Five birds are sitting on a telephone wire. Two decide to fly south. How many are left? Most people would say three. Actually, all five are left. You see, deciding to fly isn’t the same as doing it.
If a bird really wants to go somewhere, it’s got to point itself in the right direction, jump off the wire, flap its wings, and keep flapping until it gets there.
So it is with most things. Good intentions aren’t enough. It’s not what we want, say, or think that makes things happen; it’s what we do.
I frequently think of writing thank-you, birthday, and congratulatory notes. Unfortunately, only a sad few of these good sentiments ever make it to paper. Still, if I don’t look too closely, I can delude myself into thinking that based on my good thoughts I’m a gracious and grateful person. A truer and less admirable picture of my character is drawn by my actions.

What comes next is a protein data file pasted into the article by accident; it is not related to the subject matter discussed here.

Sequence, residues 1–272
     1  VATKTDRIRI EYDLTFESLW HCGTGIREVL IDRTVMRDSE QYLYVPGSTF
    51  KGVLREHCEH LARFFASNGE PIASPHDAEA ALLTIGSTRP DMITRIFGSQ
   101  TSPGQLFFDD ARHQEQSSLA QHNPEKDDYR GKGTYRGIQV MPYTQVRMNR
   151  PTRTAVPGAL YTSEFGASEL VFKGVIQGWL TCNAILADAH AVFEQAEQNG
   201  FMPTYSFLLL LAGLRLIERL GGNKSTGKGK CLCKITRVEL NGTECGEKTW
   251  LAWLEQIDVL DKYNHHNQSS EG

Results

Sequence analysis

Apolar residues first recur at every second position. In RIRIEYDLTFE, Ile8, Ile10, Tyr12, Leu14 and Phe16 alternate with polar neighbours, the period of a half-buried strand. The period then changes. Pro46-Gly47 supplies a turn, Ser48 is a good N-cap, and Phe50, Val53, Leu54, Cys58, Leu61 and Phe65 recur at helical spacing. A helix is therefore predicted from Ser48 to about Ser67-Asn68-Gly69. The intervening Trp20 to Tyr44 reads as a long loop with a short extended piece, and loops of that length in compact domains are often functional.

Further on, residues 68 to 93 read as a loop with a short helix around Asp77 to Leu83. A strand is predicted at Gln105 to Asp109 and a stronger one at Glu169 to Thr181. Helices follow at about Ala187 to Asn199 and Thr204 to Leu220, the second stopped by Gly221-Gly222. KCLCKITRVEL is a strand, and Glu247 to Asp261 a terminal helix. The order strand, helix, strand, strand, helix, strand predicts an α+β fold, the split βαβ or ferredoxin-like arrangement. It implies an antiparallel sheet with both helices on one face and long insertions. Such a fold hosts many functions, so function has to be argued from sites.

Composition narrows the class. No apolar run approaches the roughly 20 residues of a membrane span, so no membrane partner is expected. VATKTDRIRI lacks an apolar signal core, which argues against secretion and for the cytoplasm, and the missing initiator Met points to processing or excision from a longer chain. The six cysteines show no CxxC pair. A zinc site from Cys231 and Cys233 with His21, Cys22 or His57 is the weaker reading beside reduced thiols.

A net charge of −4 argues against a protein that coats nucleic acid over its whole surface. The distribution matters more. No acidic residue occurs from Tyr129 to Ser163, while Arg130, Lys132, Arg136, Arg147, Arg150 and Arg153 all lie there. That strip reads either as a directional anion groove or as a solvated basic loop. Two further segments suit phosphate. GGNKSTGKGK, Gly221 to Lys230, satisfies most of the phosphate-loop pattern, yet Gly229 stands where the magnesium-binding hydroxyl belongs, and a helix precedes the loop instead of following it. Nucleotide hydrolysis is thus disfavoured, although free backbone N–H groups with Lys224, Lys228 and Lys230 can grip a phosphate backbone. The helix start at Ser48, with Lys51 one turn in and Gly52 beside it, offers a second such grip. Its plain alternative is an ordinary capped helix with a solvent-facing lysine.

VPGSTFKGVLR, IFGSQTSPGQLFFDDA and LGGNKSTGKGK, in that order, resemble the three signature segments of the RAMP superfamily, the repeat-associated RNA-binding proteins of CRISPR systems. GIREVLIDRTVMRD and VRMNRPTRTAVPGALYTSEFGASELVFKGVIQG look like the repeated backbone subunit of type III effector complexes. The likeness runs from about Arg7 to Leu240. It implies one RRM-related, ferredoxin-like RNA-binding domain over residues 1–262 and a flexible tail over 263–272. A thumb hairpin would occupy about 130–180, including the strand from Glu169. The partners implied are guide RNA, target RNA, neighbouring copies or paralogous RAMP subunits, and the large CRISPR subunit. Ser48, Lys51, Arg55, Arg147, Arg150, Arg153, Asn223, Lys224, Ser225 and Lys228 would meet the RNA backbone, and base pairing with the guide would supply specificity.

In the end, we either do or don’t do. We either make the time to do the things we want to and should do or we make excuses. As Alfred Adler said, “Life happens at the level of events, not of words. Trust movement.”
What do you want to do? Do you want to take a course, change your job, lose weight, make new friends, or spend more time with and appreciate more the ones you have?
What’s stopping you from jumping off the wire and flapping your wings?
This is Michael Josephson reminding you that character counts.